This is the post for which you have all been waiting. I’m going to give you a clutter-free way to save your entire favorite magazine articles, recipes printed from the Internet, and helpful seminar notes.
First things first: do not read any further until you have sorted through all of the papers already in your house (see the first article in this series, “Do I Really Need to Keep It?”). Next, set up your filing system. If you’ve been reading the whole series, you should have already chosen to set up either a filing cabinet/drawer/box system, or a binder system.
After you get your have-to-save papers under control, it’s time to sit down with a cup of tea and sort through your want-to-save papers. Go through every piece of paper and re-evaluate it. Are you really going to make that recipe, or is it wishful thinking that your picky eaters would actually eat the exotic vegetable recipes you’ve been hoarding? Are you going to re-read those notes and articles? Are they still relevant and helpful? If you can answer a truthful yes to these questions, then put those papers off to one side in stacks, i.e., recipes in one stack, home decorating articles in another pile, organization tips in yet another spot, etc.
Next, pull out all the back issues of the magazines you can’t seem to resist at the grocery checkout line or to which you subscribe. This is a good activity for when you’re watching TV or waiting for soccer practice to finish. Go through each magazine (quickly—it will take much longer if you re-read everything!). Try to remember why you saved the magazine in the first place. Did it have some great recipes you wanted to save? A new look you wanted to try for your living room? A great article on working from home? If you can’t remember why you saved the magazine, or if you can’t find any articles that you, in retrospect, really want to keep, then throw out the magazine (or put it in the recycling bin). Yes, I’m serious. Do I need to come over and pry it out of your fingers? It won’t hurt; I promise!
Go through all the articles you pulled out from the magazines and sort them into piles with your other want-to-save articles and papers. Now comes the fun part: organizing them in such a way that you’ll be able to reference them easily, which is the point of saving them.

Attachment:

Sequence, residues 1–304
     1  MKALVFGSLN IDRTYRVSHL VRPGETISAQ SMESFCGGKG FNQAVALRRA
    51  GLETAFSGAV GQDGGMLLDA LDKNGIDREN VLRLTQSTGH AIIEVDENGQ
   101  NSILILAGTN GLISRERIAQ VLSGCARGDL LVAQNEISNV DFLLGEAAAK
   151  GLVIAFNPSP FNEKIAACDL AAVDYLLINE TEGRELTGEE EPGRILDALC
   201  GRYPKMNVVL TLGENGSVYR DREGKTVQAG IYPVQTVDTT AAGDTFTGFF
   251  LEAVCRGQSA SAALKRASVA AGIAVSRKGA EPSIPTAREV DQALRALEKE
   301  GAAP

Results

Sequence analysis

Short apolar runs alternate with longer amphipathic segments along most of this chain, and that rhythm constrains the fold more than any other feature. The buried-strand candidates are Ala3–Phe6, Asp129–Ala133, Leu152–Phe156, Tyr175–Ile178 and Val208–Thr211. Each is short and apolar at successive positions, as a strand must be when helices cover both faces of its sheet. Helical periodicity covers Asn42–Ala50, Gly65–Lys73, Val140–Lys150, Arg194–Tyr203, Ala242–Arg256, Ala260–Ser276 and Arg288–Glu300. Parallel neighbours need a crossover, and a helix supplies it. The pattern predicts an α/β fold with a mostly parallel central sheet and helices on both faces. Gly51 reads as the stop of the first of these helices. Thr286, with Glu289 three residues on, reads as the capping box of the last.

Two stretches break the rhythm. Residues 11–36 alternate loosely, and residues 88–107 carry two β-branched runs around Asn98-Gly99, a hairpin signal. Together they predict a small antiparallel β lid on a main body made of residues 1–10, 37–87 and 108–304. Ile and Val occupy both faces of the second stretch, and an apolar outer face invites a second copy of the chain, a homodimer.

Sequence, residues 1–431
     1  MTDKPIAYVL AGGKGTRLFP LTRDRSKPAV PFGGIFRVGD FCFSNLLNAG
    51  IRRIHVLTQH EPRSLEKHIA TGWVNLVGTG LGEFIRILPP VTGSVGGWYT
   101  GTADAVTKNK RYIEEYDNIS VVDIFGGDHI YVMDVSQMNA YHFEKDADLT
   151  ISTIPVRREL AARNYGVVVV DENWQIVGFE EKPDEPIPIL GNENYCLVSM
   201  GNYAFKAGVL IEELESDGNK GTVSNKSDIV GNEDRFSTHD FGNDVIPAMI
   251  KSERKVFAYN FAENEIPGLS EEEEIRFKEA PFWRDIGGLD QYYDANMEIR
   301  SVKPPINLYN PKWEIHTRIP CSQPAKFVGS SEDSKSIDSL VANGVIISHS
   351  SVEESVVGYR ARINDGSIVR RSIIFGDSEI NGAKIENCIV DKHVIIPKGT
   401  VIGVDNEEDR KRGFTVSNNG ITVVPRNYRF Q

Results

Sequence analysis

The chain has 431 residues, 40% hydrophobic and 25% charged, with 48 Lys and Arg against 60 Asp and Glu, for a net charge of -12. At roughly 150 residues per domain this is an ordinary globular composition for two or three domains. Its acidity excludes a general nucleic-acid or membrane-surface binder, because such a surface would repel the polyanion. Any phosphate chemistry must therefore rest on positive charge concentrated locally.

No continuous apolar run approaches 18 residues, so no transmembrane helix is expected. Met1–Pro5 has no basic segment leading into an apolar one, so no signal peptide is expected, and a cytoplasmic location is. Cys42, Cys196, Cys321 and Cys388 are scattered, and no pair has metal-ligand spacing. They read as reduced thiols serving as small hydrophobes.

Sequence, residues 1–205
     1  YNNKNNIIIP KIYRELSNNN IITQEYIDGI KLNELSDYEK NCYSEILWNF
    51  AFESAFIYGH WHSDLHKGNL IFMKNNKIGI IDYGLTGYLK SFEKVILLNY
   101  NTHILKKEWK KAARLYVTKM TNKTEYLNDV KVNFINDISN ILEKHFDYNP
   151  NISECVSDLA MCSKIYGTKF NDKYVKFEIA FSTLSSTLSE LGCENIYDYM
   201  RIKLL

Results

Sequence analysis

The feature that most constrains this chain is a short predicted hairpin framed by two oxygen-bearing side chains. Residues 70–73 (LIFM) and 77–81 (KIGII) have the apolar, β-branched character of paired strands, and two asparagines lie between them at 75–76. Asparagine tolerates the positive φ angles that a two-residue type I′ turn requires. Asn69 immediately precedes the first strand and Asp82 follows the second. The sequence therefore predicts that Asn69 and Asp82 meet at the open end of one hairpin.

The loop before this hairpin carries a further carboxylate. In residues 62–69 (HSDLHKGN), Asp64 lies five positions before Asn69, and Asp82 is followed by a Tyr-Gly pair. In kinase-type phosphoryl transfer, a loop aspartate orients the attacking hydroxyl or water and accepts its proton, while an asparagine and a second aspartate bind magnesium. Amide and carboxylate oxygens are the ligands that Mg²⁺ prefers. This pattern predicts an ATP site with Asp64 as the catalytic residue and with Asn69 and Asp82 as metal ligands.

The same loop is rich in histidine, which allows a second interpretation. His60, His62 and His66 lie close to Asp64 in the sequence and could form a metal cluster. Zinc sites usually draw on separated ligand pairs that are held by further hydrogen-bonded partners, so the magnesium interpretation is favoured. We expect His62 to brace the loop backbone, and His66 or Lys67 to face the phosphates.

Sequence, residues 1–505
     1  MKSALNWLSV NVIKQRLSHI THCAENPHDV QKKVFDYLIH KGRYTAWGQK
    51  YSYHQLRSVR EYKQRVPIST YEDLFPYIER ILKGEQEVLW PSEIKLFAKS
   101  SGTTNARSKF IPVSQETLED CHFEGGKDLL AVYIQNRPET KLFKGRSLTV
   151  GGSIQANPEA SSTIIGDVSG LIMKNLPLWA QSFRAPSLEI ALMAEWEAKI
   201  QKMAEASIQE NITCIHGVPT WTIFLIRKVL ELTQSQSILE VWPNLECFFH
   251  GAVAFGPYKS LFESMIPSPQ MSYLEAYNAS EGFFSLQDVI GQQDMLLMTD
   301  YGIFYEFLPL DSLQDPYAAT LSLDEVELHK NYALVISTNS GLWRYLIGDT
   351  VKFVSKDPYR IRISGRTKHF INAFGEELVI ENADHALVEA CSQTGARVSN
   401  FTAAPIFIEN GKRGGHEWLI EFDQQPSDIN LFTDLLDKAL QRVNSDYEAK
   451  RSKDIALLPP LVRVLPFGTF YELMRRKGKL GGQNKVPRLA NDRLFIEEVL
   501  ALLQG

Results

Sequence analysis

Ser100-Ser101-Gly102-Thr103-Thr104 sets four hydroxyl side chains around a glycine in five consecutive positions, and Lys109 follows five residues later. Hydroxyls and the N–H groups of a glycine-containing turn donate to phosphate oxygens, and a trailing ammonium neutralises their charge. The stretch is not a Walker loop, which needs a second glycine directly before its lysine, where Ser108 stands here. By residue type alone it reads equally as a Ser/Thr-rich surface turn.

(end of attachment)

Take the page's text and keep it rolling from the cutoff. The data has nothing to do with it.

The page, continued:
Look at your (neat) piles. Do you have a lot of piles? Is each pile a mile high? Or, do you just have a few piles with a few papers each? For just a moment, set the recipes aside. We’re going to do something different with them soon.
Binder Queens: Decide whether one binder will be sufficient for your want-to-save papers. If not, figure out which categories can be combined and how many binders you will need. Make labeled dividers for each topic. File the papers from each pile. Either punch holes or put the pages into sheet protectors. That’s it!
File Foxes: Set up a new hanging file or files, depending on how many papers and subjects you have. If some themes can be combined, form a broader category for them. Then make labeled file folders for each topic. Put the papers from each pile in the proper file folder, put them in alphabetical order in your filing cabinet/drawer/box, and you’re done!
Let’s talk about the recipes now. Let’s face it, not all of the recipes will be as picture perfect on your table as they are in the magazine or online. Or, maybe you’ve tried certain recipes that didn’t go over too well with your family, yet you kept the recipe. Go through all of the recipes and trash the ones that you know you won’t be using again. Get another binder; a one-inch binder should be large enough, unless you have a ton of recipes. Yes, even if you’re a File Fox, this is an instance in which a binder is the best tool for the job. Get dividers and label them for each type of recipe you have: meats, vegetables, soup, desserts, salads, etc. Punch holes or put the recipes in clear page protectors.
At the risk of sounding like a broken record, I’m going to reiterate that in order for the system to work, you’ve got to keep up with it after you start it. I am the last person to tell you not to buy any more magazines or not to print off cool recipes from the Internet. But, while you read your magazines, turn down the pages of the articles or recipes that you think you absolutely have to save. When you’re done with the whole magazine, go back and review the turned-down pages. If you think you still have to save the articles/recipes/ideas, then rip them out and toss the rest of the magazine away. Either file the papers right away, which is obviously preferable, or put them into your to-be-filed bin to take care of later in the week.
There, you can have your cake and eat it, too!